Brazil starlet Endrick scores only goal to dent England’s Euro 2024 buildup | Friendlies

It is the itch that England have struggled to scratch. Rarely do they get very much from Brazil; their record in games with them is worse than that against any other opponent and it was a night when things got worse, adding a worry line or two to Gareth Southgate’s brow.

It was meant to be different, a friendly to fine-tune for the European Championship in the summer, even as Southgate missed key players – most notably the captain Harry Kane, Luke Shaw and Bukayo Saka. Brazil had been portrayed as being in crisis, the new manager, Dorival Júnior, warning that he did not have a magic wand. By the end, it looked as though he did.

England were second best. They could get little going in an attacking sense, Kane & co were missed, the understudies not doing enough; a few flashes from Anthony Gordon apart. There was the feeling, especially in the first half, that England were vulnerable – reports of Brazil’s demise are plainly premature – and Dorival Júnior’s team got the goal they deserved towards the end.

The error came from the England substitute, Lewis Dunk, who got a header all wrong and when another substitute, Andreas Pereira, released Vinícius Júnior in behind John Stones, the alarm bells rang. Vinícius was denied by Jordan Pickford but the 17-year-old Palmeiras prodigy, Endrick, who will join Real Madrid in the summer, was on hand to convert the rebound. He had come off the bench and he would go close to a stoppage-time second, Pickford denying him in a one-on-one.

The smattering of boos upon the full-time whistle was inevitable, almost traditional, and Southgate was left with much to ponder before Tuesday night’s friendly here against Belgium. England’s record against Brazil now shows 12 defeats in 27 matches, with just four wins.

Southgate missed his regulars in four positions – including the fast emerging problem area in midfield alongside Declan Rice – and it became five when Kyle Walker was forced off with a hamstring problem after the early exchanges; on came Ezri Konsa for his debut at right-back. It would be a fight for England to locate their rhythm.

Brazil’s Lucas Paquetá fouls Jude Bellingham on a frustrating evening for the England midfielder. Photograph: Tom Jenkins/The Observer

Plenty of the pre-match talk had been about how this was a new Brazil and one with which the millions back at home have struggled to connect. Never mind the results so far in South American World Cup qualification – three defeats in six games. There is the widespread feeling in Brazil that their football is a level below that of Europe’s elite. Dorival Júnior had a host of players out through injury and he gave debuts to five in his starting XI.

He did have Vinícius and what a comfort that was. The one undisputed A-lister in the lineup shimmered with menace as Brazil worked to find their touches and passing connections at the outset; the Wembley crowd was subdued.

Vinícius should have scored in the 12th minute only to shoot weakly past Pickford, which allowed Walker to get back and mop up in front of goal. The chance had been created by a lovely piece of skill by Lucas Paquetá followed by a floated through-ball. There was also the moment when Vinícius sliced away from Walker inside the area but, rather than shoot, he exaggerated the contact from a check by Walker and went down. It was not a penalty.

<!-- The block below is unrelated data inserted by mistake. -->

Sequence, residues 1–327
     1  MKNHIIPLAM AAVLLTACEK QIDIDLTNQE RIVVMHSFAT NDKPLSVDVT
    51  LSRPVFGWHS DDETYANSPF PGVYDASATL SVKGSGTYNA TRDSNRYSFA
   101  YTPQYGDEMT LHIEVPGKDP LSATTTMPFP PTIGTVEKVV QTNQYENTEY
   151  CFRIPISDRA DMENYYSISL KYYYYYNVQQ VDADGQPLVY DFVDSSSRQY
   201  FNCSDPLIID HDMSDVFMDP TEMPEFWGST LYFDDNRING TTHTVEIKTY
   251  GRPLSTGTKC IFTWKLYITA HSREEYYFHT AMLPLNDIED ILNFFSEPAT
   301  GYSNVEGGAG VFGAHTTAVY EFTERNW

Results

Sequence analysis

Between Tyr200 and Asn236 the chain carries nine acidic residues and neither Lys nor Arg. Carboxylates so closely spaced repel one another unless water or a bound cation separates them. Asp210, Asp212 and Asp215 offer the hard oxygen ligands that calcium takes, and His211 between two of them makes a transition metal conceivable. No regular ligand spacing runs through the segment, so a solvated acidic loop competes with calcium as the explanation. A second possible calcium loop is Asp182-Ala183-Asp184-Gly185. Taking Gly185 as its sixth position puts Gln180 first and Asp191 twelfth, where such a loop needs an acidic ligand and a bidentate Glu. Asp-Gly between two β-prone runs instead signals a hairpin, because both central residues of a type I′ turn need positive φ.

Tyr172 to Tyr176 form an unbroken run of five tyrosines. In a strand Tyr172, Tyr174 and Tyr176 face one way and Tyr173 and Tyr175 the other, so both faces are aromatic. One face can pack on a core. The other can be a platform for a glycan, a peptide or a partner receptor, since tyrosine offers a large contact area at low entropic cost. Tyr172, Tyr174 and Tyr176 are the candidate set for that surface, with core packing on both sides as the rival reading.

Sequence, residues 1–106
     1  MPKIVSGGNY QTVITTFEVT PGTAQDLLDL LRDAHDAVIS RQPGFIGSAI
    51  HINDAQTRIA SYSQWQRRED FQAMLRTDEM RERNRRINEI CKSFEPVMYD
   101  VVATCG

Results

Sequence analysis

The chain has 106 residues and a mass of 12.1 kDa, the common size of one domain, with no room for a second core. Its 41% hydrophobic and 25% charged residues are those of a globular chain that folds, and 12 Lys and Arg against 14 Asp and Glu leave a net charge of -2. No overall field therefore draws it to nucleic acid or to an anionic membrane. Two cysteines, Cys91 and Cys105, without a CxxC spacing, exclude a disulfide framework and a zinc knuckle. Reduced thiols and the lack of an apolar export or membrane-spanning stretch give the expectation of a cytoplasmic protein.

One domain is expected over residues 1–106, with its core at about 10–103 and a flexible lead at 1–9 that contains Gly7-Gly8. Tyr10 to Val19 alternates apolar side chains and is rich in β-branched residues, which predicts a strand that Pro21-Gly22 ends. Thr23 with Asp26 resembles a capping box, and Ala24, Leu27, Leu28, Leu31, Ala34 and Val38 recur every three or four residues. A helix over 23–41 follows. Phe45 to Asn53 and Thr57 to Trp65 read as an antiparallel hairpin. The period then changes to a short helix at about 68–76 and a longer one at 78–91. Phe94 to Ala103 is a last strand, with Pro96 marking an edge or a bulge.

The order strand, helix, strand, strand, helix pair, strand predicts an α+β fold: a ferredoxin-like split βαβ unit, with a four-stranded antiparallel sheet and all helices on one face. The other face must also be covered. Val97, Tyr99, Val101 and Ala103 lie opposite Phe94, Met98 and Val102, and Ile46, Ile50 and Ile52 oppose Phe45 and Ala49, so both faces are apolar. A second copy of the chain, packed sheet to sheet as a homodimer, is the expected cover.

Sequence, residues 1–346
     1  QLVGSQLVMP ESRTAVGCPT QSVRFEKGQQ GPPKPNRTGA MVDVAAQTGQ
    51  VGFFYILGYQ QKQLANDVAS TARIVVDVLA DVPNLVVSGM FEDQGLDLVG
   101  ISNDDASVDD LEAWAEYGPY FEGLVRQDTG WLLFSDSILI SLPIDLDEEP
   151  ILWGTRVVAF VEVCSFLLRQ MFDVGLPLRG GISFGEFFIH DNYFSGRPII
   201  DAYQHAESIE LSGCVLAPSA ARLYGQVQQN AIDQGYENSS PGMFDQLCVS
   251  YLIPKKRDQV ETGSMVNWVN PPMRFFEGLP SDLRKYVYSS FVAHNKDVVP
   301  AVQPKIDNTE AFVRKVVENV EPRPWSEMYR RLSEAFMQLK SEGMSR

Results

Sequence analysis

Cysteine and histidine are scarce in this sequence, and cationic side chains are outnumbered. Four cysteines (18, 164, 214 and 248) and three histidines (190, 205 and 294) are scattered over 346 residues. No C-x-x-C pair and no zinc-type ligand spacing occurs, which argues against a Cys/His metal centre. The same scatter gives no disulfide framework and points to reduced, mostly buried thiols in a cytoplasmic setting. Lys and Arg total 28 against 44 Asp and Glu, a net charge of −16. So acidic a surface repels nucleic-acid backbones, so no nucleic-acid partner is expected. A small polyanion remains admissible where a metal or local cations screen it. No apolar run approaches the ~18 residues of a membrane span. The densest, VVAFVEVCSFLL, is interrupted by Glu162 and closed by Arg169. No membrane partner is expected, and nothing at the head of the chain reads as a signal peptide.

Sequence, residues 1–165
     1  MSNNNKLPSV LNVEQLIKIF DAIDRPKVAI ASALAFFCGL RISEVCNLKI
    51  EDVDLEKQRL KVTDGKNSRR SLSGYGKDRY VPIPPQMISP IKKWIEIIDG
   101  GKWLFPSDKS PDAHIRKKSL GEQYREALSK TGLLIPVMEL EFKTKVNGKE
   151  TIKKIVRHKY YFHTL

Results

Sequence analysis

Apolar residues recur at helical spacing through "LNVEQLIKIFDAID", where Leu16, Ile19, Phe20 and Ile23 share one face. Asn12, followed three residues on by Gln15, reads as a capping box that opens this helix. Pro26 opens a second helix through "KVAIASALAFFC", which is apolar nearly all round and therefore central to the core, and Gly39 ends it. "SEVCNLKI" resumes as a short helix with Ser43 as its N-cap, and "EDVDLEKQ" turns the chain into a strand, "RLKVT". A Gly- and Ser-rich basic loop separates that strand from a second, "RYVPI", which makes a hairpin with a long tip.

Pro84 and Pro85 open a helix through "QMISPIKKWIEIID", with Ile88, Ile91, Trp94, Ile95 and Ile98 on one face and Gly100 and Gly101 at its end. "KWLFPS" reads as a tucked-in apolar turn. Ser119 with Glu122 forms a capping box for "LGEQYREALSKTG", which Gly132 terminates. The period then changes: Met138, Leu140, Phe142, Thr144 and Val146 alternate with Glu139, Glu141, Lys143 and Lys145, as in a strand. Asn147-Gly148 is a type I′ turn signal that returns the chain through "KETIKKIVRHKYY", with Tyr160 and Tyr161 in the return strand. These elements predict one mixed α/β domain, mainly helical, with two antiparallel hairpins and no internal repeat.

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Brazil made light of the doom-mongering and they were the more dangerous team. Vinícius’s end product was not there before the interval, despite his obvious threat, and neither was that of Rodrygo, who flickered and then blew a huge chance on 42 minutes. Harry Maguire had a moment he will want to forget, turning into Rodrygo and losing the ball; the false 9 dragged his shot wastefully wide. Brazil could also point to when Paquetá struck the post with a sidefoot in the 35th minute.

England felt Brazil’s physical force, which pushed the boundaries. Paquetá was fortunate to avoid a second yellow card for a trip on Jude Bellingham shortly before half-time. It was his fourth foul.

Brazil appeared to target Bellingham, who was booked for a lunge at Bruno Guimarães. It turned into a test of the Real Madrid midfielder’s temperament. He could feel his blood boiling.

England had chances in the first half, with Ollie Watkins lifting the best one high after a pass from Conor Gallagher. It was not Watkins’ night. Gordon had a few efforts before the interval without looking as though he was going to score – the best one was at the far post from a free-kick – while Ben Chilwell’s connection was not true when well-placed after a half-cleared corner.

It was a hard night for Gallagher, who Southgate played alongside Rice. Brazil played around him while he lost possession too often. It was harsh to single Gallagher out, with Phil Foden failing to impact the game, either on the right wing or when Southgate moved him to the No 10 role after taking off Bellingham.

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The atmosphere inside a sold-out Wembley was flat – we were in paper-plane territory – and it spoke to the assurance of Brazil’s quickfire interchanges; to England’s battle for tempo and incision, too.

The biggest cheer of a tepid second half from an England perspective was that which greeted the introduction of Kobbie Mainoo from the bench for his debut. Southgate’s team created nothing after the interval. Paquetá had bent a fabulous first-time shot past the far post and it was Endrick who made the difference.

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